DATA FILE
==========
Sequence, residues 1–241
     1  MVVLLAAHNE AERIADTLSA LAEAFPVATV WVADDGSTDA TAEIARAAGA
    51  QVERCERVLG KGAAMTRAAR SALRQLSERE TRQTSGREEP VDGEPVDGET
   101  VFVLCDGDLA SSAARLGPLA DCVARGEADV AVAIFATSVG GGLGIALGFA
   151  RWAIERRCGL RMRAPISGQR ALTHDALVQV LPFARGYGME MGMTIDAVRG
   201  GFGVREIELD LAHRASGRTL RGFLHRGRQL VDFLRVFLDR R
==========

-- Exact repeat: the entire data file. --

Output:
Sequence, residues 1–241
     1  MVVLLAAHNE AERIADTLSA LAEAFPVATV WVADDGSTDA TAEIARAAGA
    51  QVERCERVLG KGAAMTRAAR SALRQLSERE TRQTSGREEP VDGEPVDGET
   101  VFVLCDGDLA SSAARLGPLA DCVARGEADV AVAIFATSVG GGLGIALGFA
   151  RWAIERRCGL RMRAPISGQR ALTHDALVQV LPFARGYGME MGMTIDAVRG
   201  GFGVREIELD LAHRASGRTL RGFLHRGRQL VDFLRVFLDR R